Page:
This is what Typhoon Yolanda left in this once thriving city of Tacloban, Leyte. Photo by Carlo Damalerio
“There has never been anything at the magnitude of what we are trying to do now,” Cabinet Secretary Jose Rene Almendras told palace reporters at a press briefing last Nov. 13, “Not in size, not in volume, not in even the breadth of it.”
As the national government admits being appalled at the disaster left by Typhoon Haiyan (or Typhoon Yolanda as its FIlipino name) ten days ago, the rest of the world feels mutual. It’s like watching a horror movie, except it is in the primetime newscasts. However, being in the very scene of it still feels surreal to me.
I would have loved to tag along with one of our teams assigned to Tacloban City last week. Tacloban, Leyte was one of the greatly devastated places left by Yolanda. But considering the place’s limited necesities for a woman like me, only an all-male team was sent.
As first hand witnesses to a storm’s aftermath, I tried to understand the hardships they experienced. They had no place to stay, no food and water to sustain them (as they have given their provisions to the Tacloban people), and they have to endure the stench of the dead and of human waste. But how much more I tried to feel the heart break for the people who endure the loss of what they have owned and the loss of their very loved ones. What was left was their very existence, coping with the last strain of humanity nearly being snatched from them. They try to survive in a desolated town unfit for living.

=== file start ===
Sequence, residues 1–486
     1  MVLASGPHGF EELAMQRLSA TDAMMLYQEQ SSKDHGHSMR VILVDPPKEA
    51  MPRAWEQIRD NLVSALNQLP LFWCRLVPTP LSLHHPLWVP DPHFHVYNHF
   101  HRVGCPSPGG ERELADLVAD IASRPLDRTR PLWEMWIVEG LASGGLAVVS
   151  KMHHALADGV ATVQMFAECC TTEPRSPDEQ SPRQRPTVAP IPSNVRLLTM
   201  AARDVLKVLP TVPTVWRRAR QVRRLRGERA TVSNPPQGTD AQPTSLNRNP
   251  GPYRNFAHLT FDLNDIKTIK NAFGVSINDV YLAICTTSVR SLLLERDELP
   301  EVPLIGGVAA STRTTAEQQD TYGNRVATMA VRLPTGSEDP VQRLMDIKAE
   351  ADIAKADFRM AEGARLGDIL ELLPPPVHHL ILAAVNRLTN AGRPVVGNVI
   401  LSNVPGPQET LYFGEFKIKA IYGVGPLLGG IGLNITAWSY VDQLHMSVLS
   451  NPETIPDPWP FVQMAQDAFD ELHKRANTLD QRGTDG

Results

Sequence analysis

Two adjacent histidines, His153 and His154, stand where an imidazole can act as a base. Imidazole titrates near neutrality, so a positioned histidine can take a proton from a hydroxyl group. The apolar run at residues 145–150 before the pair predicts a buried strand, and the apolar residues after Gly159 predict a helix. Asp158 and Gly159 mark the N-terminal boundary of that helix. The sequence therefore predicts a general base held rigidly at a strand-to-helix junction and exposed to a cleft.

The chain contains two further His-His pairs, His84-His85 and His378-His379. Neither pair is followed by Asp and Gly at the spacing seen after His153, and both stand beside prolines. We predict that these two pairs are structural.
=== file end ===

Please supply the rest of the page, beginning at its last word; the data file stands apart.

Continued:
It might be easy to say that the rest of us who stayed wish to come to
The people of Tacloban almost at a loss as they have lost their homes — and even their loved ones. Photo by Carlo Damalerio
Tacloban just to give out a hug…or maybe a small act of kindness through food and water. But how far are we willing to go? How far would we be willing to sacrifice time and your comfort zone to feel their pain. Living there sounds too inhumane for most of us. Helpless, all we can do is sigh and speak out our thoughts and symphathy.
As I watch from afar, it’s a pain to hear criticisms and politicizing at all sides. There’s this underlying contention between the main government bodies, the private entities, and the vox populi. We can talk too much. It’s easy to give blame. But can’t we just shut up and try to feel the pain of the victims themselves? Perhaps, it’s easy to make conclusions in what goes on in their everyday life. But can’t we think of focusing at their basic needs first? These people, are just like us — human, limited, and in need of one another.
Perhaps, most of us can never understand how it is to be in their shoes. For us living far from them, we try to comprehend what flashes through our screens or what blares through our airwaves. But we can never see the whole picture. Who are we to judge conclusions, then?
Perhaps, some of us can never get the chance to reach them personally. Perhaps, most of us might never understand the whole picture of what’s happening and why it happened. But setting aside our own conclusions and criticisms might help rebuild a new future. A little grace, a little love, through our what-we-have can uplift their spirits. Behind the camera, must be a more drastic story beyond words.